Governors and Governors-General

Page 2 – Selection process

In the days of the Empire, the British government appointed New Zealand's governors and Governors-General. New Zealand had no say. The governors and Governors-General reported to a British Cabinet minister, the secretary of state for the colonies (later secretary of state for the dominions). Government House's inhabitants were political appointees, though, once in the job, they were expected to be impartial.

Even after New Zealand politicians got the right to govern themselves, in 1856, they still had no say who would be governor. After governors Lord Onslow and Lord Glasgow declined to accept the Liberal government's nominations to the Legislative Council (the Upper House) in the early 1890s, however, Premier Richard Seddon and his ministers asked to be consulted.

Britain made concessions. From the early 1900s the British prime minister prepared a short list of candidates, which he sent to the monarch for approval or amendment. Once that was done, London cabled it to Wellington for the prime minister to make his choice.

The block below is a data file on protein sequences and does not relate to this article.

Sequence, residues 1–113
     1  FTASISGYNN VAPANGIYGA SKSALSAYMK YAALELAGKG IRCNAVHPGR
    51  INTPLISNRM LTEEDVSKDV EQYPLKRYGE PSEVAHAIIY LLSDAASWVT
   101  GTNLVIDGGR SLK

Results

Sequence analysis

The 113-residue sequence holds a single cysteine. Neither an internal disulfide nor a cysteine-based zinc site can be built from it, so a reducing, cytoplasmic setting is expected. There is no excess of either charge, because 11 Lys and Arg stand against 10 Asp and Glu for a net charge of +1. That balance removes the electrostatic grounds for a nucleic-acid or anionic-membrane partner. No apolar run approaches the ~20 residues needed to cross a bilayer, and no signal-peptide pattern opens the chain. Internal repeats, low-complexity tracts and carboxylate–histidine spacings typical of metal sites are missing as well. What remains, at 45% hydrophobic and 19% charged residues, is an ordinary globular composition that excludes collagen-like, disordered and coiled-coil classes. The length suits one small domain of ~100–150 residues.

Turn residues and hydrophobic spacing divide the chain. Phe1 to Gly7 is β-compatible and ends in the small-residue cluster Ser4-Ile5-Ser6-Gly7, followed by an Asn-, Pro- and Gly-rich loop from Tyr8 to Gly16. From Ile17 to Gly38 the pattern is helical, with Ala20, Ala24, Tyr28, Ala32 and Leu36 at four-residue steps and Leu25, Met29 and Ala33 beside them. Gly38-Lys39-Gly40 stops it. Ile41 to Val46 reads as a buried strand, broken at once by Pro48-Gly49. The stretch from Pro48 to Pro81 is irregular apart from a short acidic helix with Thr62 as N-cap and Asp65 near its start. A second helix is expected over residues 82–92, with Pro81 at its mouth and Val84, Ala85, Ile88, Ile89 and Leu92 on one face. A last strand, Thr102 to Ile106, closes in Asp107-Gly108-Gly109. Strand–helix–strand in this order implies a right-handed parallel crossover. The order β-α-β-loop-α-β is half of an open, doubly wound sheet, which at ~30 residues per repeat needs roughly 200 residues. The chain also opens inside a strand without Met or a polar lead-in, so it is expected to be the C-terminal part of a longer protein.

Even so, he did not always get his man. The New Zealand government paid very poorly, and since governors were expected to subsidise the job, the preferred candidate sometimes pulled out, obliging the prime minister to approach the next man on the list.

Matters should have changed after the 1926 Imperial Conference let dominions choose their own Governors-General, but for the next 20–30 years New Zealand politicians refused to exercise this right, preferring to wait for London's list.

In 1945 Prime Minister Peter Fraser put forward the name of wartime leader Sir Bernard Freyberg, and by the 1950s the government was taking a more active role in selecting Governors-General. The British prime minister dropped out of the process a few years later, leaving Wellington to advise the Queen.

Since 1972 all Governors-General have been New Zealand residents. Nowadays, about a year before the serving Governor-General's term comes to an end, Cabinet selects the successor. After sounding out its pick, the prime minister advises the Queen. If she is happy, the leader of the Opposition is consulted, and the recruitment process is concluded.

Governors-General usually serve a term of five years.

How to cite this page

'Selection process', URL: https://nzhistory.govt.nz/politics/the-chosen-few/selection-process, (Ministry for Culture and Heritage), updated 14-Jul-2014